Friday, October 01, 2010

Book Review: Theodore Rex by Edmund Morris

How long does it take to properly evaluate the historical ramifications and legacy of a Preisdent? Definitely longer than a cables news network segment. A full century seems like long enough for Edmund Morris. Morris tackles Roosevelt's presidency from tragic start to glorious end in Theodore Rex. This is a sequel to his book about Roosevelt's rise. It is a truly interesting read on a whirlwind presidency.

Morris starts the narrative with Roosevelt's isolation as he learned of the death of President McKinley. The book traces his development on the fly in the White House from energetic learner to elder statesman of his party who was sad to be leaving the White House at the tender age of 50. What is interesting to read is how despite being so full of piss 'n' vinegar he was very conscious of seeking help from the elder guides of McKinley's administration to help him become the amazing force he would grow to be as POTUS. History classes would be smart to discuss in class how one of the best presidents the USA has ever had came to power because of an overzealous anarchist. While we constantly want to think that we live in the most exciting age of all time, many different eras are eras of change or have incredibly turbulent movements. Roosevelt was a dynamic person perfect for a rapidly changing era.
As a slight detour, this book does discuss a woman meant for another era. Teddy's first daughter, Alice Roosevelt, was made for today. She was 100 years ahead of her time. She was smart, sexy and made for media. I do mean sexy as she was attractive for olden times standards and holds up well with today's definition of beauty. In today's world, she'd have a twitter, Facebook fan page, and maybe a talk show... as long as they could keep her out of clubs, poker games and bars. She had a special relationship with her father as she was his only daughter with his first wife. Yes, the first family was a blended family and had its own inner conflict at times. Mom and stepdaughter were not just of different blood but of different substance.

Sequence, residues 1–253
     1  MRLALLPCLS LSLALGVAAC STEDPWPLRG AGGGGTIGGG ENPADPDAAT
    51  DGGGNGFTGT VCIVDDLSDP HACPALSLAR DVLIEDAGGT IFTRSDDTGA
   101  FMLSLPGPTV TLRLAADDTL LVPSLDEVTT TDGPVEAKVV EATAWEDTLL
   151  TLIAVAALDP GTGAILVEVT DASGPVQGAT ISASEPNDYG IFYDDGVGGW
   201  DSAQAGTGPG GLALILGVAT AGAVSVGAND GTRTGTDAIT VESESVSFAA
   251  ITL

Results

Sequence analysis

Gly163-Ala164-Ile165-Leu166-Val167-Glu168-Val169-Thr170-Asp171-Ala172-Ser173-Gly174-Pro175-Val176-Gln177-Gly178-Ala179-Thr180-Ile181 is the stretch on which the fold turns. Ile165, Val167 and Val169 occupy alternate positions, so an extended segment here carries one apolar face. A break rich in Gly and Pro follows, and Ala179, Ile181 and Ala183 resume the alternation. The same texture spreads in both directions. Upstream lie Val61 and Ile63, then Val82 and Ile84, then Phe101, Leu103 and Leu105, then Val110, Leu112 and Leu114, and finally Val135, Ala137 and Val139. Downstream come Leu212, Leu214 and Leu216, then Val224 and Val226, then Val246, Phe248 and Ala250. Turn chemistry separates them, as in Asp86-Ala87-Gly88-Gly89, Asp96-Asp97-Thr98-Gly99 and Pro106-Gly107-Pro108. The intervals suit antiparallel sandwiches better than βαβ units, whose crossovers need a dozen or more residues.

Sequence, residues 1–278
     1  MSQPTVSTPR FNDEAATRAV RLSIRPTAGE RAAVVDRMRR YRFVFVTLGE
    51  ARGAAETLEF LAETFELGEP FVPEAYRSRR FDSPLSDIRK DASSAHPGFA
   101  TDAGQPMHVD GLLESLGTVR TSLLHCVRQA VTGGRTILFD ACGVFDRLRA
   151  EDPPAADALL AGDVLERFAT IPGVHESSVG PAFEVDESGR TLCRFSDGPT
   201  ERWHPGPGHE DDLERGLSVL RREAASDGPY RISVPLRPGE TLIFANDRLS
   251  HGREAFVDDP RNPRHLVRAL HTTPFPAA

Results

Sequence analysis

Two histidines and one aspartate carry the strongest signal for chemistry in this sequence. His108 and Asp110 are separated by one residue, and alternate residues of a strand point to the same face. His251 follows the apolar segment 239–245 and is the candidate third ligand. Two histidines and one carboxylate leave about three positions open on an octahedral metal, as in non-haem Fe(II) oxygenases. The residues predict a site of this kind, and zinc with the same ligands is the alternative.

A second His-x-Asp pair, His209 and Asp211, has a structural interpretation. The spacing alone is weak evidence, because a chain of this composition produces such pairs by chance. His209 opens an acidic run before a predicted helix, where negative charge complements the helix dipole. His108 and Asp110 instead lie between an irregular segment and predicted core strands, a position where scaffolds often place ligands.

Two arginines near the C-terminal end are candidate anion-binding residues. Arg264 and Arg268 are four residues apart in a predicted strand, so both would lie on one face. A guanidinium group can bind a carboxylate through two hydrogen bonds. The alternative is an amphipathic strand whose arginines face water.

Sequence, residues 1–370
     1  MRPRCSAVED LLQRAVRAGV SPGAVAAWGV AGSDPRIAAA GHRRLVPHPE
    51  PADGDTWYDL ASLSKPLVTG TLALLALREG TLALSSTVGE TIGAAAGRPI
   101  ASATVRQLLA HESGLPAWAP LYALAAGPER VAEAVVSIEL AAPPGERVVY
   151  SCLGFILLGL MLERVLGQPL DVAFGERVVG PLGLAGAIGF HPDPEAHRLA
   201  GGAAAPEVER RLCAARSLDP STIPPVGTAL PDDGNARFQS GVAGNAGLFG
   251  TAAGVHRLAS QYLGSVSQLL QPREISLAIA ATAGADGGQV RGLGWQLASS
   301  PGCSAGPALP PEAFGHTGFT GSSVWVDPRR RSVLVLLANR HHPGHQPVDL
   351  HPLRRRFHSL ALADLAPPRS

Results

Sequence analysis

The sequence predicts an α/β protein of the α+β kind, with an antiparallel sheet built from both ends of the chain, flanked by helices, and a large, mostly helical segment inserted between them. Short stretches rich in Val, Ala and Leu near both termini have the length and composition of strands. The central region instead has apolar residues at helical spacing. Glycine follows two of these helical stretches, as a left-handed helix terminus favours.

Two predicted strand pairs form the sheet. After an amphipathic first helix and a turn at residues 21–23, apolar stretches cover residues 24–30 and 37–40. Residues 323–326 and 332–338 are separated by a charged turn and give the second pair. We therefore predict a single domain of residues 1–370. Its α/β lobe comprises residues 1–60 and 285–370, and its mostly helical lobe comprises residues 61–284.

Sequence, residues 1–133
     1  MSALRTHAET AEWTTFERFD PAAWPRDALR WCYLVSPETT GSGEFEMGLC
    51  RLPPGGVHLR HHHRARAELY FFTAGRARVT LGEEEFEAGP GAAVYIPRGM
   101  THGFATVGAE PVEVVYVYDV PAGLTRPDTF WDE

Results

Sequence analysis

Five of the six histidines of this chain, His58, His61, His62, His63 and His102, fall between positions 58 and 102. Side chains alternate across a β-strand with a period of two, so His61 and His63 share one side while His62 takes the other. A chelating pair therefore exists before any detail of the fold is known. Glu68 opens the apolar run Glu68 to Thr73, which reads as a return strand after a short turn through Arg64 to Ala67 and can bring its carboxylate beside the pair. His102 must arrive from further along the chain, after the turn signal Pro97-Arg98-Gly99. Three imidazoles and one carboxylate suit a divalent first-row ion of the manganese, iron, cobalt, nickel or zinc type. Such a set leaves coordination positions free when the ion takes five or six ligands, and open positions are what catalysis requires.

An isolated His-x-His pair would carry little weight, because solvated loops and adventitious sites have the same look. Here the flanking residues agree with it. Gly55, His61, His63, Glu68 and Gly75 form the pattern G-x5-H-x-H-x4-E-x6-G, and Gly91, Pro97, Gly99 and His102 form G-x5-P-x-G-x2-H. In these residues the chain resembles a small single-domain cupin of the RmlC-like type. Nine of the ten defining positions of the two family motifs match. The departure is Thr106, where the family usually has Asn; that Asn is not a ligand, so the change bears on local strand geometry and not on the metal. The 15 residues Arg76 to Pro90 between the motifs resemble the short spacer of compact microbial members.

Roosevelt is a man who was himself, and just happened to be part of the GOP. Roosevelt is beloved by the GOP and if you ask a true blue Democrat, TR would be their favorite Republican President of the 20th century. He was not a pure conservative by ideology. He was very 'progressive' and sided with the common man for a square deal as the 'trust buster'. Normal for his day, Teddy was also bigoted on many fronts and found time to make handshake deals with some big business to not obstruct a merger. It is interesting how the idea of the corporation and even bigger, the trust, were large issues in that day and threw everyone for a loop as the idea was so alien to normal civilization. I do not think we've properly learned how to handle them still.
This book does not skim over his conflicts of ideology and personality. Morris constantly mentions how TR had to display his bona fides for the Old Guard, but that he had the progressive streak in him that would come to define the split in the GOP between newer progressives and the laissez faire/small government old Guard. It does not skip over his brusque nature or his faults. There are moments where it is obvious Roosevelt's behavior and personality was a problem. Never forget, Roosevelt was a politician. A great one who knew how to steal other people's thunder, how to measure another man, and most of all, how to manipulate an event or issue to his gain. In the end, he was an absolute force that left many in awe and inspired his nation.

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